April 17, 2021

Unintended Consequences

The Wall Street Journal (paper edition, if you can believe it!) had an article in the Personal Journal section talking about medical technology and how it is leaving children out. To give you the basic thought of it, it referenced one medical plan that allowed a mother to look at the immunization records of her two youngest children, send private e-mails to their doctors, and basically see the entire history that they had. For her teenage son, however, she could see no such information, and the system was incapable of letting her see it. The problem? Privacy.

The laws in many states and federally are so messed up that (1) Parents cannot, by default, see their teenage children’s information and (2) a teen cannot sign forms to give their parents information because they are underage. This is not a problem in the paper world, since offices can still flag things as private or not, but it is a problem in the digital medium.

Why is this? Because of abortions. You see, Planned Parenthood and the like know that it could hurt their profits if kids talk with their parents about abortion. The line fed to you is that a person might be abused or mistreated if they tell their parents they have a disease or are pregnant– and that justifies keeping the parents in the dark.

I’ve written here before how we live in a society that believes that children belong to the government and are not gifts from God to their parents, and this is just one more example. We could have had a situation where teens could tell someone that would help them tell their parents and be there when they do it. But no, it’s more important to guarantee that they can make a decision to kill a baby before they can vote for President of the United States, drink alcohol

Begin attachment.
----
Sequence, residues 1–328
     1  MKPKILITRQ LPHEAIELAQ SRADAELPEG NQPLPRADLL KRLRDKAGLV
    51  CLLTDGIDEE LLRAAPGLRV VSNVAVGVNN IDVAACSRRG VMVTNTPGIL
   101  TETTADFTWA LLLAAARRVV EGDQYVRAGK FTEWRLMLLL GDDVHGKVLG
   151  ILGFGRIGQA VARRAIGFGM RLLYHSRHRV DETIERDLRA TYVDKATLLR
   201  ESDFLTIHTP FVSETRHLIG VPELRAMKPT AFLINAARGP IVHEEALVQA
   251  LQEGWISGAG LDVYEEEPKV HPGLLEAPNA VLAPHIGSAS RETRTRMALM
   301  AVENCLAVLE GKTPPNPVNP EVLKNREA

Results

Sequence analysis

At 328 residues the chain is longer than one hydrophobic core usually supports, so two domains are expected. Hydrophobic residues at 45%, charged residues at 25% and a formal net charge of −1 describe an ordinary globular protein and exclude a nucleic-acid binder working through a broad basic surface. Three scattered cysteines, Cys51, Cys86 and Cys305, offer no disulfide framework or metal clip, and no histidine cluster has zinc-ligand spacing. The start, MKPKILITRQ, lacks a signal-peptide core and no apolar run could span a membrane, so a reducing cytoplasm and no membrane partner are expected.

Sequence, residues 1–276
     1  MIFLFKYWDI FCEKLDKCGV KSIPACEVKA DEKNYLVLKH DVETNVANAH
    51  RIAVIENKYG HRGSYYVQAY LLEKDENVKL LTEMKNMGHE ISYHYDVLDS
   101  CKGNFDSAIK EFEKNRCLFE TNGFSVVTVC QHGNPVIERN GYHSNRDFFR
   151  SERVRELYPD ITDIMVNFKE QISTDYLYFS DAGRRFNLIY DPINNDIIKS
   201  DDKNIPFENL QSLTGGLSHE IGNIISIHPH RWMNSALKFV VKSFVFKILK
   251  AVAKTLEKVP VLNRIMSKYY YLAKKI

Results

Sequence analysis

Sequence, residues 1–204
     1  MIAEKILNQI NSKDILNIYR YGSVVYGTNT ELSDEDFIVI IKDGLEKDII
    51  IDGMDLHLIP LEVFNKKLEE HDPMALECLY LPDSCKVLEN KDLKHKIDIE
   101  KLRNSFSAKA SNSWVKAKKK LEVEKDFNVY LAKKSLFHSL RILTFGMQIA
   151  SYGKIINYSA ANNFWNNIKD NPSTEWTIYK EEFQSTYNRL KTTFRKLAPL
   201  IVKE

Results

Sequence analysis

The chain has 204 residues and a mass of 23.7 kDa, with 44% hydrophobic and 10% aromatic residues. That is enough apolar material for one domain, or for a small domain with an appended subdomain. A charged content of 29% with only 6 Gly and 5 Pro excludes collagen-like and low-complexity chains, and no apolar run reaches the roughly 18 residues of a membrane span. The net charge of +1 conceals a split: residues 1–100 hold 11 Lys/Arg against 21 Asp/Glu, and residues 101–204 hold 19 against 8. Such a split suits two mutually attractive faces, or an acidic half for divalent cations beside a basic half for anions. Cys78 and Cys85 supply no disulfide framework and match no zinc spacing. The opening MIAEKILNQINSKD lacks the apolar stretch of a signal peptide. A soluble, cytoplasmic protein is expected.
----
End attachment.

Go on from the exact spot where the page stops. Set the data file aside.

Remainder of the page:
or smoke.

Had we as a society had the right mindset, this mom would be able to see her son’s information online, until the software gets better or someone fixes this mess, we’re stuck with the unintended consequences.

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2 thoughts on “Unintended Consequences

  1. I believe when kids turn 18 or 21, that is when their records should be off limits to their parents, unless there is a handicap involved or the children decide to allow parents access. (I think that is the best thing to do) HIPPA laws are very strict.

    On a personal note, I wish the ACLU, NARAL and Planned Parenthood would disappear altogether. They are corrupting our youth and turning their backs on the Lord.

  2. 18, 21, or when they get married– then it’s not the parent’s concern. But it makes no sense that they can’t even grant their parents permission to look!

    I wish these groups would acknowledge the Lord and do the right thing– which would probably mean close!

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